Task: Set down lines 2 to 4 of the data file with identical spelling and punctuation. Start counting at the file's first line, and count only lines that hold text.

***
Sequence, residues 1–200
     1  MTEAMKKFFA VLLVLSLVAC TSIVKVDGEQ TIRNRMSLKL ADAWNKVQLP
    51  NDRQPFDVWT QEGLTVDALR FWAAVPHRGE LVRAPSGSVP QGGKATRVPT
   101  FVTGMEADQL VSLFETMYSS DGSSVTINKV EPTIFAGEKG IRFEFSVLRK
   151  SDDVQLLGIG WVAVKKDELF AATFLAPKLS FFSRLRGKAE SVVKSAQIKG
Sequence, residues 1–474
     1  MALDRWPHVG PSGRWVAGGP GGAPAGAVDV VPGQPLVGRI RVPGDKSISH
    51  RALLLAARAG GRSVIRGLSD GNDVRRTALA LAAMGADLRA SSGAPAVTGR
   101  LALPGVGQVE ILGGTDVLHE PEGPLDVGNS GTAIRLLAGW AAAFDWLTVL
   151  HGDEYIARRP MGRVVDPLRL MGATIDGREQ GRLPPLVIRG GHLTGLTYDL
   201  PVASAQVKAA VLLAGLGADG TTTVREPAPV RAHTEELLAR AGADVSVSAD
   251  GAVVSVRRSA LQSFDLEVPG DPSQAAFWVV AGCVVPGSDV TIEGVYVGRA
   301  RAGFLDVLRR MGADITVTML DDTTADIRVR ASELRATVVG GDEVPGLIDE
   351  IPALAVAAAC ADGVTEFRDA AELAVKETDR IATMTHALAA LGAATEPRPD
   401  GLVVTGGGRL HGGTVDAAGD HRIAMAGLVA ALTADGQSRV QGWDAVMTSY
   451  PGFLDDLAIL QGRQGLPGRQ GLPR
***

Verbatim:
     1  MTEAMKKFFA VLLVLSLVAC TSIVKVDGEQ TIRNRMSLKL ADAWNKVQLP
    51  NDRQPFDVWT QEGLTVDALR FWAAVPHRGE LVRAPSGSVP QGGKATRVPT
   101  FVTGMEADQL VSLFETMYSS DGSSVTINKV EPTIFAGEKG IRFEFSVLRK